I personally would not reach out for this one due to preference, but it is one of the first flushes that I’ve taken my time with Gong Fu. I enjoyed some of the unusual notes, and I will say that it was refreshing compared to other green First Flush black teas.
Flavors: Butter, Floral, Freshly Cut Grass, Fruity, Green, Green Apple, Herbs, Olives, Smooth
As the sun has come out, and the air chills, I’ve been catching up on my Dancong. I’ve also become more aware of my tea preference patterns for the season, and I tend to buy and drink black during fall and then heavily in December, and then I transition back into Oolongs during late winter and early spring, sometimes going into the summer with fruitier profiles.
As for this one, I think I’ve been sitting on it for about a year. I could have sworn I wrote a notes. I am kinda glad I didn’t since it’s evolved a little bit with the time I’ve had it.
When I first tried it, the tea was heavily floral, pungent, milky, and fruity, occasionally being a bit sharp for my preference. Leafhopper already beat me to describing the almond and gardenia profile along with the other ones like the minerals, oats, and honey. The tea is definitely on the greener side of Dan Congs, and the florals with slight astringency in the over leafed gong fu session gave me a little bit of a headache, so I gave myself a break…that turned into a year.
Now a year later, the tea mellowed out a bit and not quite as green. Almond milk, mineral, and acidic fruitiness is what I’m gettting this time. Earlier brews were more florals after about 45 seconds with 5 grams and 4.5 oz, and intensely creamy accented by a little bit of a nutty roast. Second brew is milky too, but more floral with a little bit of a pink salty mineral and sneaking fruitiness. Third brew, where I’m at now, is giving me more pithiness in the after taste and heavy minerals on the tongue more than creaminess. I wouldn’t describe it as citrusy, but it has a citrus peel feel-hence pithy. Aroma matches, but is heavy into almond blossom, cream, and gardenia. Not too off from a jasmine.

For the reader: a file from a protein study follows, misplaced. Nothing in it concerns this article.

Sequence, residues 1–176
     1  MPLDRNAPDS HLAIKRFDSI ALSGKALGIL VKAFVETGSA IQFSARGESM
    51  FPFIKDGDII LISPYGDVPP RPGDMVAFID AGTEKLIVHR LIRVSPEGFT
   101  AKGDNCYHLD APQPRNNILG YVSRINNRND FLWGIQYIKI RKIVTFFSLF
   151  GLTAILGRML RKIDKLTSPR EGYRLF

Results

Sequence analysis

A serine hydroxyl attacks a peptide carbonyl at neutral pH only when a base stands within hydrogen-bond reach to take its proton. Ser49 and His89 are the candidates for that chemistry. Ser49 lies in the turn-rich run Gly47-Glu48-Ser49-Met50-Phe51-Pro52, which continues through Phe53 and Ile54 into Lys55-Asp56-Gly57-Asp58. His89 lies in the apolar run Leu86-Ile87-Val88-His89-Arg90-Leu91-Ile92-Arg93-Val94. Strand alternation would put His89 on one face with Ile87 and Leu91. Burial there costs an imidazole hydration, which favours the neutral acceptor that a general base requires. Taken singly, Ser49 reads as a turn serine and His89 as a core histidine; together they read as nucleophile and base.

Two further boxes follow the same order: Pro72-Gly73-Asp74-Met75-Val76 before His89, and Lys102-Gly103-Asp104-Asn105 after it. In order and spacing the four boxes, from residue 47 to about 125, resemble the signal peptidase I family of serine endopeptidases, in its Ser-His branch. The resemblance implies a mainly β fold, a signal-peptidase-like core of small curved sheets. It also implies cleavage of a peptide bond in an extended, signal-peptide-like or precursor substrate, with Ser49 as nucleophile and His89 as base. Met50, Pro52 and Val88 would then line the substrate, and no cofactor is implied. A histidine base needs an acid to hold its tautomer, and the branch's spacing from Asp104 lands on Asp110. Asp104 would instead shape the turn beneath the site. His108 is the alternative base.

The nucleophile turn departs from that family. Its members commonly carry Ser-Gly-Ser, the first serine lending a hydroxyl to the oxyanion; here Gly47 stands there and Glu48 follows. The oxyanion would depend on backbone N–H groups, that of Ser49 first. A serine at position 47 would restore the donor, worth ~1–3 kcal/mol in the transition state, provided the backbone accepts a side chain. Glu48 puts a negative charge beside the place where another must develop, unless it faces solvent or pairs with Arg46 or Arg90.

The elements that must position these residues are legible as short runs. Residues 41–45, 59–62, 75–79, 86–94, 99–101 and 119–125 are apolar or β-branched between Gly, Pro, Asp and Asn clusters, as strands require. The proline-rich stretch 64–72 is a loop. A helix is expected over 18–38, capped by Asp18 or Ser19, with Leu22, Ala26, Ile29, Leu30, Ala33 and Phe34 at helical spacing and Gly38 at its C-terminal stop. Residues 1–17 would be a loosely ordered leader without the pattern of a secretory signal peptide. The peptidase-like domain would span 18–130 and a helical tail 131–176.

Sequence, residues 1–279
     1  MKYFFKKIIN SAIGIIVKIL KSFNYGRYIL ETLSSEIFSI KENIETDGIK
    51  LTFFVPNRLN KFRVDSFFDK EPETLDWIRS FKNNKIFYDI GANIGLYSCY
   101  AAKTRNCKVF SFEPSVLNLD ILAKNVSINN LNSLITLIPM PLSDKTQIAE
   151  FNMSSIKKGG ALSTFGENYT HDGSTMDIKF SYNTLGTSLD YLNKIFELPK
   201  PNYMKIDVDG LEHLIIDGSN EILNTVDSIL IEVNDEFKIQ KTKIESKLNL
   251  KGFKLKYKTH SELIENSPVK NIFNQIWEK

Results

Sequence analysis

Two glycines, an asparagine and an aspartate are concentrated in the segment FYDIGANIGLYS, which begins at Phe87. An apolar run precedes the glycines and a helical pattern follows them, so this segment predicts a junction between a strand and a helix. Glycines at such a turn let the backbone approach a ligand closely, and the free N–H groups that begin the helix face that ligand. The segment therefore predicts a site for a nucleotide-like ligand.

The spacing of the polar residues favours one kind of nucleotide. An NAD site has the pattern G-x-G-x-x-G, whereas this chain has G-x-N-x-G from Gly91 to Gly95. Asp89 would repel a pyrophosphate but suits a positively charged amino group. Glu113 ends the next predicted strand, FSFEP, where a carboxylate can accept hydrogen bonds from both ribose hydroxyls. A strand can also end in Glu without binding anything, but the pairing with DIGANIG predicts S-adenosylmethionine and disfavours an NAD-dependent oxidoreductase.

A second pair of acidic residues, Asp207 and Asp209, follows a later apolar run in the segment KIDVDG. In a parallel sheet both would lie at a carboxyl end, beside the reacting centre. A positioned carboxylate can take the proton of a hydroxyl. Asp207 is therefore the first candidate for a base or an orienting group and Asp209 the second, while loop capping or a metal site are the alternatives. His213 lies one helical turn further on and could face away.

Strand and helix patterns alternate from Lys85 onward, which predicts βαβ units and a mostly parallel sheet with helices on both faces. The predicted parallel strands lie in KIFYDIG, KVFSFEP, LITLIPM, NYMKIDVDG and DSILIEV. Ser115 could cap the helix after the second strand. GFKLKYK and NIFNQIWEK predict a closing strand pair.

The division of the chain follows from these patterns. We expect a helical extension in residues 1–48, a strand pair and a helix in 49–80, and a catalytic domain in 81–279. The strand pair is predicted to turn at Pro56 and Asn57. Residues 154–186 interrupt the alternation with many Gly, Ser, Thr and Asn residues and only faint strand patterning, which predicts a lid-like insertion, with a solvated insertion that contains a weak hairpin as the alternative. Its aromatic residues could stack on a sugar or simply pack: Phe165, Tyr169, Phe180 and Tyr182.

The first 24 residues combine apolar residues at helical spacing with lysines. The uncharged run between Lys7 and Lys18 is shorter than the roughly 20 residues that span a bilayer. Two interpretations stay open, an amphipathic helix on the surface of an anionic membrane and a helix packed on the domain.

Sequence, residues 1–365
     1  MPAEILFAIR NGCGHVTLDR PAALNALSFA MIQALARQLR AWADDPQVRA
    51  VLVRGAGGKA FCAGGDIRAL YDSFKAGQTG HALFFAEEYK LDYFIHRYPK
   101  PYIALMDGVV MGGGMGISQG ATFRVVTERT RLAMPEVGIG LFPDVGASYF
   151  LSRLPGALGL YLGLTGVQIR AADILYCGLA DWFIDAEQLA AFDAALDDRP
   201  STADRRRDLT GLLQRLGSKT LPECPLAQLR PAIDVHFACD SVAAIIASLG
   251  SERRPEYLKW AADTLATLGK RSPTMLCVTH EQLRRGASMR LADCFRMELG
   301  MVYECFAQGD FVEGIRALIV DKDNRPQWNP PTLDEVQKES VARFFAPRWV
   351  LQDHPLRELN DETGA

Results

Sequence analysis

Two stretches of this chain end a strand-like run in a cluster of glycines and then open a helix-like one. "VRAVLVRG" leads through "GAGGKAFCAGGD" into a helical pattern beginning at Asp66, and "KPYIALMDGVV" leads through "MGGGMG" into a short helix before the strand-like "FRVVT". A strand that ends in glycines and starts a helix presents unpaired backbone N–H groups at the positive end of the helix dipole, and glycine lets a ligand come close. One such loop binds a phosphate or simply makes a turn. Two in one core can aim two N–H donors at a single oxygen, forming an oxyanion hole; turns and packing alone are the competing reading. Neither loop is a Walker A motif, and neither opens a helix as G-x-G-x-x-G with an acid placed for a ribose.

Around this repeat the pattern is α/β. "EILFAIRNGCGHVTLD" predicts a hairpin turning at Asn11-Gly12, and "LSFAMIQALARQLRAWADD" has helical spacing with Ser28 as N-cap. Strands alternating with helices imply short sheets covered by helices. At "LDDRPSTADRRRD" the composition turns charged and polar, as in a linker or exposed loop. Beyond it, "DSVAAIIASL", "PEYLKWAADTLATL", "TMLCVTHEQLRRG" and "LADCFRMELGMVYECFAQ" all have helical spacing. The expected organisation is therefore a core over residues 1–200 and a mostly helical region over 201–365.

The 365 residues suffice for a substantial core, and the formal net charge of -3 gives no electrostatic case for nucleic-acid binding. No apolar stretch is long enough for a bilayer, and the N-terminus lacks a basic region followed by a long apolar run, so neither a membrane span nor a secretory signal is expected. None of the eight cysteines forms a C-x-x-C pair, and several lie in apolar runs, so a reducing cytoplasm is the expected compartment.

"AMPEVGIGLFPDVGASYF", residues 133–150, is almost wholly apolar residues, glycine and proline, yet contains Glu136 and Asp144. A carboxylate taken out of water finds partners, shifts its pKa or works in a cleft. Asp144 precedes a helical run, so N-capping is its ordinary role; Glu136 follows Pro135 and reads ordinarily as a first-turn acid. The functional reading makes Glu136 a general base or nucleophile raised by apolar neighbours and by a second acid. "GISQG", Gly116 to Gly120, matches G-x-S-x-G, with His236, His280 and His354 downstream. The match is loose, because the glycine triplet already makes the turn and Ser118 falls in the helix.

Brew four is more mellow, but its almond flavor, thinner body, and sneaking minerals. The tea is still floral, but it’s starting to resemble a more subdued green.
I am really glad I got this and would recommend it compared to other YaShis. This one is actually a bit smoother, but I would recommend it more to intermediate drinkers because it requires some attention to avoid astringency and bitterness. It is less astringent than most Dan Congs I’ve had, but shorter steeps help you avoid biterness altogether, but I do recommend using a lot of leaves for quick 5-10 second brews if want to, but less grams if you don’t think you can pay attention that long. I do not recommend grandpa for this one, but it works well western and tends to be smoothened out that way if you don’t go over 2 or 3 minutes.
I enjoy this one, but this one is really more seasonal for me personally. It was the perfect wake up tea after sleeping in to late, and for me getting back into my back to school in person routine.
Flavors: Almond, Astringent, Citrus, Cream, Creamy, Floral, Gardenias, Milk, Mineral, Roast Nuts, Smooth